Time Warner Cable, who recently claimed it needed to introduce tiered bandwidth pricing in order to continue to invest in upgrading infrastructure for its customers, released its financial results yesterday. Oddly enough, the story they tell investors doesn't quite fall in line with what they were saying to customers.
The cost of providing broadband to its customers was $40 million in Q1 2008; in Q1 2009 the cost had dropped to $33 million. During the same time periods, Time Warner Cable went from having 7.9 million subscribers to having 8.6 million. Revenue for that quarter was $1.1 billion ($994 million in Q1 2008) with a net profit of $164 million.
And here's a quote from Time Warner Cable Chief Executive Officer Glenn Britt: "Cable is a very good business, and our operations are strong and growing despite a challenging economy. We continue to generate very healthy free cash flow which will enable us to reduce debt over the next year."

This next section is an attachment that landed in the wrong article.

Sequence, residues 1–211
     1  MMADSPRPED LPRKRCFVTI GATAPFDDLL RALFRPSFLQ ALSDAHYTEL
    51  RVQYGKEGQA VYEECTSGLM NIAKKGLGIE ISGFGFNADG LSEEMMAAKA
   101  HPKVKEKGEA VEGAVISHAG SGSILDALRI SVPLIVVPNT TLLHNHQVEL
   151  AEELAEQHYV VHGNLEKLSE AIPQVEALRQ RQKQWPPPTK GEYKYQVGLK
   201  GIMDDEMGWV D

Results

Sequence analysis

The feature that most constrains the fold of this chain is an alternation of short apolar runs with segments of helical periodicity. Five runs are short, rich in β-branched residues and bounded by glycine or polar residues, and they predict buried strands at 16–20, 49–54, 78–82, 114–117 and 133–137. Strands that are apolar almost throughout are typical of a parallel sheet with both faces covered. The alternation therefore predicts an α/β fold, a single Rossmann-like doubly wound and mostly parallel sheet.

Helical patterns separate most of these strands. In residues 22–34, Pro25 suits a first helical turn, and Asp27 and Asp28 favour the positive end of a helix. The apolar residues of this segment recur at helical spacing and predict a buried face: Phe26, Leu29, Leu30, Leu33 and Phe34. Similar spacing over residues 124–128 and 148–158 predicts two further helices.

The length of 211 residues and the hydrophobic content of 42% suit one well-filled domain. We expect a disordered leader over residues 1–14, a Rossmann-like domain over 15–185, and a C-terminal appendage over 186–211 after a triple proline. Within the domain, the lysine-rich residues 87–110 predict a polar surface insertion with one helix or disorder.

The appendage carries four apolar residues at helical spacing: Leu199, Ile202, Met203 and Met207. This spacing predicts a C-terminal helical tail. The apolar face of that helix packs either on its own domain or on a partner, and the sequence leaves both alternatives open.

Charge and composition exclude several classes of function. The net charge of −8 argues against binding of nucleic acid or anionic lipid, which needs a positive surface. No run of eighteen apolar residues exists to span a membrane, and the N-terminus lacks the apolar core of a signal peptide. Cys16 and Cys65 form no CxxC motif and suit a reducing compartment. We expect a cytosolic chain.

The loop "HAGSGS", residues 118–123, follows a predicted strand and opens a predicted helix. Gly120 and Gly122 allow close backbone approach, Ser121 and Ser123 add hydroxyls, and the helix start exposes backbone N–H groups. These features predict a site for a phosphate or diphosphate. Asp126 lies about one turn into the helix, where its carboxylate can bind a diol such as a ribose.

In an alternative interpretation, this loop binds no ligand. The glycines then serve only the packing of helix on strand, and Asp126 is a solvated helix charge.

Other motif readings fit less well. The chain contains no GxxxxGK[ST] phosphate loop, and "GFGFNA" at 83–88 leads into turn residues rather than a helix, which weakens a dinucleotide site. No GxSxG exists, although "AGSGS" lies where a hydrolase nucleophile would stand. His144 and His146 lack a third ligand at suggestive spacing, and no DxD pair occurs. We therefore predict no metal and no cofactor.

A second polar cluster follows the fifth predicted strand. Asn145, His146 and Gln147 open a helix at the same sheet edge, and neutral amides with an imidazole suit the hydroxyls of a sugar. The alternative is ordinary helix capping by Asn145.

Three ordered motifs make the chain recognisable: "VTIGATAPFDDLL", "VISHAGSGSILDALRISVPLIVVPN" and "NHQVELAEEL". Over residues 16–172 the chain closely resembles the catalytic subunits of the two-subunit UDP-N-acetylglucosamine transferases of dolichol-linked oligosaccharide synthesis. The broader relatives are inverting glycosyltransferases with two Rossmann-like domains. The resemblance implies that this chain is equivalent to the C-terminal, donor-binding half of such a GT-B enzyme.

So costs are dropping, customer numbers are rising, revenue is rising, the company is profitable, generating a healthy cash flow, reducing debt and...telling customers that they have to pay more if they want their internet service to continue working (remember, they issued dire warnings of 'internet brownouts' if they didn't get their tiered pricing structure).
If you want to catch up with the saga of Time Warner Cable's recent dealings, here's a list of posts I've done, in chronological order:
- Paying per byte; the impact of Time Warner's new pricing
- Time Warner tiered pricing plan draws Congressman's attention
- A layman's guide to bandwidth pricing
- Time Warner Cable wants legislation to eliminate competition